Infrastructure // Storage
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John Foley
John Foley
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Startup Of The Week: Ocarina Networks

Ocarina, which got its start in photo storage optimization, is expanding its data-compression technology into other markets.

There are two ways to manage explosive data growth--add more storage capacity or compress the data. Ocarina Networks specializes in the latter. After getting its start in photo storage optimization, Ocarina is expanding into other markets. It recently tuned its products for movie studios, oil and gas companies, and medical institutions.
--John Foley


 Murli Thirumale, founder and CEO, Ocarina Networks

Thirumale previously founded Net6

HEADQUARTERS: San Jose, Calif.

PRODUCT: Online Storage Optimization appliances and software

PRINCIPALS: Murli Thirumale, founder and CEO; Carter George, VP of products; Goutham Rao, CTO

INVESTORS: Kleiner Perkins Caufield & Byers, Highland Capital Partners, Stanford University

EARLY CUSTOMERS: Kodak, Photoways Group

Ocarina squishes data using compression algorithms that have been developed for specific file types. For example, the company has identified 37 file types (including AVI, EXR, and RLA) used by moviemakers and a handful of others that are common to oil and gas companies. Overall, Ocarina has developed 100-plus algorithms that address some 400 file types.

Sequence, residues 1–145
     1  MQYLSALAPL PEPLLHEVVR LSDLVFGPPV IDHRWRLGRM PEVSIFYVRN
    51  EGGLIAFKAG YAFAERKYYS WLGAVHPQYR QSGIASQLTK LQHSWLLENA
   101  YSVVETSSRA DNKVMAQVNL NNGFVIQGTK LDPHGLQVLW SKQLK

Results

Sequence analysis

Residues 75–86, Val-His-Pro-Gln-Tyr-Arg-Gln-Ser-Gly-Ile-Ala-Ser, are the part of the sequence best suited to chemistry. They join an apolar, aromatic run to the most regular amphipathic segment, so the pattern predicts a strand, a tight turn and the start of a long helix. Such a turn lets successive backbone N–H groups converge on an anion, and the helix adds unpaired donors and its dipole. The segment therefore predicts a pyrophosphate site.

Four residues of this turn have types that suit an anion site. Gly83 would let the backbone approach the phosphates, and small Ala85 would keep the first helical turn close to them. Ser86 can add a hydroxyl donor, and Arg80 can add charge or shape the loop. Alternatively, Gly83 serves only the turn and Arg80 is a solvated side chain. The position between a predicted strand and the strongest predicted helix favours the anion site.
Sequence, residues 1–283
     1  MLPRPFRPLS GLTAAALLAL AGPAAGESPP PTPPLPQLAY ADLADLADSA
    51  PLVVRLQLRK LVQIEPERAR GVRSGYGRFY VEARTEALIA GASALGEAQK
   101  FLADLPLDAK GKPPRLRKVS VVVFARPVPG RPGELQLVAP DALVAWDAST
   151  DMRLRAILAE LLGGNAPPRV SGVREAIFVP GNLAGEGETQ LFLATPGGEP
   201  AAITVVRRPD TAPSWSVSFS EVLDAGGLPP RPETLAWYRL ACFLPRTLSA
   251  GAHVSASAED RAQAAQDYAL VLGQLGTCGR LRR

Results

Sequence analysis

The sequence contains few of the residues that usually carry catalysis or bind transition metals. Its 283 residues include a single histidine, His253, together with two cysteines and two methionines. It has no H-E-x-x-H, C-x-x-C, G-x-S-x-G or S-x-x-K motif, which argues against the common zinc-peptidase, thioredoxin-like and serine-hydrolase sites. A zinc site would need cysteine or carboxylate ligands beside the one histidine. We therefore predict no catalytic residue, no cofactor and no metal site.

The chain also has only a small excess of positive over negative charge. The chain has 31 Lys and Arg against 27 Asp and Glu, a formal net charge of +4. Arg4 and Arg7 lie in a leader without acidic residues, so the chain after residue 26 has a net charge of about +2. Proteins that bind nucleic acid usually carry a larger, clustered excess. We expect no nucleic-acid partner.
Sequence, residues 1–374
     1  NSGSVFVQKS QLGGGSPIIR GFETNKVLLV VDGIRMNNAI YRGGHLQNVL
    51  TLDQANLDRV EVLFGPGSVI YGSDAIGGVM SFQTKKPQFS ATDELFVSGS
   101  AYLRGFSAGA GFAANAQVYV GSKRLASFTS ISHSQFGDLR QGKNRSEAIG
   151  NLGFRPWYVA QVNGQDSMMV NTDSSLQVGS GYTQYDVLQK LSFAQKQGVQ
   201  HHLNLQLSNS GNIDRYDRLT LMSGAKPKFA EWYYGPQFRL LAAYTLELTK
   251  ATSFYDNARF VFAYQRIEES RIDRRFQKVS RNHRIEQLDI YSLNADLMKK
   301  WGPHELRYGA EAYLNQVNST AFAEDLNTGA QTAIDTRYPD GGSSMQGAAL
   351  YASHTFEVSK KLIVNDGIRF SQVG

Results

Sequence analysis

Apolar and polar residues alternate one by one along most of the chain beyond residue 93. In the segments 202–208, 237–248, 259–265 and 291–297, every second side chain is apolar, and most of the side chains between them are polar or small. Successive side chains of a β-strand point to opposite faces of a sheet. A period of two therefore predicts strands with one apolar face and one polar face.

For companies looking to optimize their storage environments, Ocarina's file-aware approach to data compression is worth evaluating, and the startup's growing customer list is evidence that it's catching on. But the specialized nature of Ocarina's algorithms also means that IT pros need to assess the makeup of the data being generated inside their companies and where they stand to benefit the most from file-specific compression. This needs to be compared with other compression and deduplication options.

The experts behind Ocarina's software are Ph.D. mathematicians and other number-crunching researchers. Ocarina is offering $1 million in prize money for file-specific compression algorithms.

Data goes through a three-step process: Ocarina extracts storage objects from within files; correlates objects--exact matches and similar objects--across files; then optimizes storage objects for maximum space utilization. The company says the technique leads to storage space savings from 40% to 90%. The system consists of appliances, called Optimizers, that read and then write back files to storage, and Readers, for reading and writing Ocarina-optimized files. The appliance starts at $49,500.

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